Fords in Our Future
During World War II and in the post-war years up to 1949, the Ford Motor Company ran ads with a persistent tagline: “There’s a Ford in Your Future.” That was then. Now it’s rare for any carmaker to talk about future vehicles. But Ford departed from that secretive tradition at its Detroit show press conference, discussing products that will be appearing in showrooms as far out as 2021.
The only new product backed by actual hardware at the company’s press conference was the freshened Ford F-150 pickup, due on sale later this year as a 2018 model. But Ford also took a couple of future vehicles from the realm of hot rumor to not-too-distant reality.
The first was the acknowledgement of a new Ford Ranger, a compact pickup that enjoyed success from 1983 to 2012, and still exists in other markets. Ford refrained from any details about the U.S. Ranger revival, other than to say it will be built in Michigan and will go into production in late 2018 as 2019 model. But this much seems certain: it will not be an Americanized version of the Ranger currently sold in Thailand. Expect a mid-size truck, similar in size and capabilities to the General Motors middies—Chevy Colorado and GMC Canyon.
Another long-running rumor that achieved in-the-pipeline status: the much-loved Ford Bronco, absent since 1996, will definitely return, as a 2020 model. Ford refrained from any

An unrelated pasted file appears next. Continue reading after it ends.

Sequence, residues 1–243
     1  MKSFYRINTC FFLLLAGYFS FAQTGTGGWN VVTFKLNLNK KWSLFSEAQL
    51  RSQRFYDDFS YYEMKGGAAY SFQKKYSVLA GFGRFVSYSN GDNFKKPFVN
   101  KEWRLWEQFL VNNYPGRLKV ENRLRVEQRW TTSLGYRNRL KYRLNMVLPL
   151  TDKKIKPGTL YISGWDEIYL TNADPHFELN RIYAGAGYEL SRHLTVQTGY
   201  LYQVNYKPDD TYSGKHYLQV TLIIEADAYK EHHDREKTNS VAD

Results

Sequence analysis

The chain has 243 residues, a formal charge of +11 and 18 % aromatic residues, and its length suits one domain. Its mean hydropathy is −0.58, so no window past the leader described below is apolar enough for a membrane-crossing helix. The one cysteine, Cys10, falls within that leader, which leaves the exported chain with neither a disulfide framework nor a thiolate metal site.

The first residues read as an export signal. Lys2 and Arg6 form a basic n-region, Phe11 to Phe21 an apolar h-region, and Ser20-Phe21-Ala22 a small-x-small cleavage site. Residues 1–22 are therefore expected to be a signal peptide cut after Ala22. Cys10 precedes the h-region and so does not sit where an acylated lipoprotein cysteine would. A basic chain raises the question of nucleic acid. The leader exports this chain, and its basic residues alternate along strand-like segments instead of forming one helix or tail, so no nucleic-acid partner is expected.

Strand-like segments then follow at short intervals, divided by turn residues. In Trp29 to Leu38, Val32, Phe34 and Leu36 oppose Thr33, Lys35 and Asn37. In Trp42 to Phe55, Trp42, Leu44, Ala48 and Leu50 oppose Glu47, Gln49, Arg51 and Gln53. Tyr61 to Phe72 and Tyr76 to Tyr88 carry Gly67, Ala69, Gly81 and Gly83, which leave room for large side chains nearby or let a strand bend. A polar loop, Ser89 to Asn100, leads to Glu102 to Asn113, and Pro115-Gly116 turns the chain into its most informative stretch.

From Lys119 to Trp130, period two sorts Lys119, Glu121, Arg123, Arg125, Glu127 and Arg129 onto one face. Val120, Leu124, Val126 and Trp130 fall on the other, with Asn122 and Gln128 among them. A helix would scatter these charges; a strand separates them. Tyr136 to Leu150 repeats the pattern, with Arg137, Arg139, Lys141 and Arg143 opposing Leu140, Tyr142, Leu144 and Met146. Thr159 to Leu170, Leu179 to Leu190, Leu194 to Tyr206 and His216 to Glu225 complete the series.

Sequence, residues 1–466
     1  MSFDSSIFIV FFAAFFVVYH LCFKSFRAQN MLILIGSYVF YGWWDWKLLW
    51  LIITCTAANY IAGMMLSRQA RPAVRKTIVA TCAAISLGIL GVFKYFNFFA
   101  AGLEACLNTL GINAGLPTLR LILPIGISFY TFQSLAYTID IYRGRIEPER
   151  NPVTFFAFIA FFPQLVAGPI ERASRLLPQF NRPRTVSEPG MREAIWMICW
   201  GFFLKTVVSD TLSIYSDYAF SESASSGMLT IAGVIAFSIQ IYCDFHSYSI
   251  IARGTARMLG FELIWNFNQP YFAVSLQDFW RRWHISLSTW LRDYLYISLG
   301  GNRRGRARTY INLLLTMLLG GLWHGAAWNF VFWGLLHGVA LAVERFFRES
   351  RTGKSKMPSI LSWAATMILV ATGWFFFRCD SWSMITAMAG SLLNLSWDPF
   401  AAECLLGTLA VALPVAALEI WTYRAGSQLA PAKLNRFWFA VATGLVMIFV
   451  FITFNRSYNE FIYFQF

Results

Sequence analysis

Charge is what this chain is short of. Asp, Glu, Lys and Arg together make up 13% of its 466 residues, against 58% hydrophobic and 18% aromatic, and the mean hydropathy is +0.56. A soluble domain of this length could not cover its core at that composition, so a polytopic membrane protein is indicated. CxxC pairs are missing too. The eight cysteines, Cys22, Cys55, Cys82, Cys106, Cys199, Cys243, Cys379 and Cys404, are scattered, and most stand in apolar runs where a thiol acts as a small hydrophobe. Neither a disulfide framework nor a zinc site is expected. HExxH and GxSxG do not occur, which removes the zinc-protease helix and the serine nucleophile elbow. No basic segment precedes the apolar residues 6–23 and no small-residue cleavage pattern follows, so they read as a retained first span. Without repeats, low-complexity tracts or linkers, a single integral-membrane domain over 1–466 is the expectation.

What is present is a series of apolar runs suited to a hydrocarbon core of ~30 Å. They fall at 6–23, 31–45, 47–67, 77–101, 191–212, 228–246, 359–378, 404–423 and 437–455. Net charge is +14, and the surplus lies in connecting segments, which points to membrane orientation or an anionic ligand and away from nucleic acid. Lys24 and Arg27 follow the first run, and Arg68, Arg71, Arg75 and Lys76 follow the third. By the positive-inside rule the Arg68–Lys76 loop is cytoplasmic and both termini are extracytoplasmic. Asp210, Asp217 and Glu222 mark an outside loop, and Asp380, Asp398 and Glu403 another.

product specifics other than to say that the Bronco would be a “no compromise midsize
SUV,” and will be built in Michigan. But that information alone was enough to provoke cheers from the large press conference crowd.
Future Ford mobility
Much of the press conference was devoted to initiatives other than new product, as Ford continues its march toward becoming a “mobility company, as well as a car company.” But there were several other future vehicle promises. According to Raj Nair, executive vice president of global development, we can expect to see hybrid versions of the F-150 pickup and Mustang pony car: a plug-in hybrid Transit Connect van; and a small electric SUV.
Those were just four of the 13 electrified vehicles Ford plans to introduce over the next five years.
We’ll also see a next generation of Ford’s autonomous Fusion—revealed at the recent CES show—with a test schedule that will expand from Dearborn other areas of the U.S. as well as Europe.
The on-sale target for the autonomous Ford continues to be 2021.